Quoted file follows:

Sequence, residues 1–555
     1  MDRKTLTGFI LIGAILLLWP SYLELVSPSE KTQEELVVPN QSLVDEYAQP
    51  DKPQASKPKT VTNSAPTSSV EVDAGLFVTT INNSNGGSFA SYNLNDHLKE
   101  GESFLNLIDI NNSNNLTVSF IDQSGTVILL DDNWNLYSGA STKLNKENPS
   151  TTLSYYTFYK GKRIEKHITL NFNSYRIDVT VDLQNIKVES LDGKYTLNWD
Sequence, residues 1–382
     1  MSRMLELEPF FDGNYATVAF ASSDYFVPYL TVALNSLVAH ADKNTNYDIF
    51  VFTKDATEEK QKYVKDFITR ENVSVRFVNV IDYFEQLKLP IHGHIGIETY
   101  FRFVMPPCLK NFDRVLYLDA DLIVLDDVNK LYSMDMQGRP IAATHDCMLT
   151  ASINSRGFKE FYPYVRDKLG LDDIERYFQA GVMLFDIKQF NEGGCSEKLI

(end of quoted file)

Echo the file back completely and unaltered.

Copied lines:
Sequence, residues 1–555
     1  MDRKTLTGFI LIGAILLLWP SYLELVSPSE KTQEELVVPN QSLVDEYAQP
    51  DKPQASKPKT VTNSAPTSSV EVDAGLFVTT INNSNGGSFA SYNLNDHLKE
   101  GESFLNLIDI NNSNNLTVSF IDQSGTVILL DDNWNLYSGA STKLNKENPS
   151  TTLSYYTFYK GKRIEKHITL NFNSYRIDVT VDLQNIKVES LDGKYTLNWD
Sequence, residues 1–382
     1  MSRMLELEPF FDGNYATVAF ASSDYFVPYL TVALNSLVAH ADKNTNYDIF
    51  VFTKDATEEK QKYVKDFITR ENVSVRFVNV IDYFEQLKLP IHGHIGIETY
   101  FRFVMPPCLK NFDRVLYLDA DLIVLDDVNK LYSMDMQGRP IAATHDCMLT
   151  ASINSRGFKE FYPYVRDKLG LDDIERYFQA GVMLFDIKQF NEGGCSEKLI